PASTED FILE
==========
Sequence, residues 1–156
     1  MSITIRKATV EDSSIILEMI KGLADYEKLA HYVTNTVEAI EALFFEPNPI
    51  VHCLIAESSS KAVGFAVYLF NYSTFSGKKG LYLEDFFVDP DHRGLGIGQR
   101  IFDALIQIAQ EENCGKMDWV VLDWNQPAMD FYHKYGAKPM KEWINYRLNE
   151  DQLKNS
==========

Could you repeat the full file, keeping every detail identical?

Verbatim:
Sequence, residues 1–156
     1  MSITIRKATV EDSSIILEMI KGLADYEKLA HYVTNTVEAI EALFFEPNPI
    51  VHCLIAESSS KAVGFAVYLF NYSTFSGKKG LYLEDFFVDP DHRGLGIGQR
   101  IFDALIQIAQ EENCGKMDWV VLDWNQPAMD FYHKYGAKPM KEWINYRLNE
   151  DQLKNS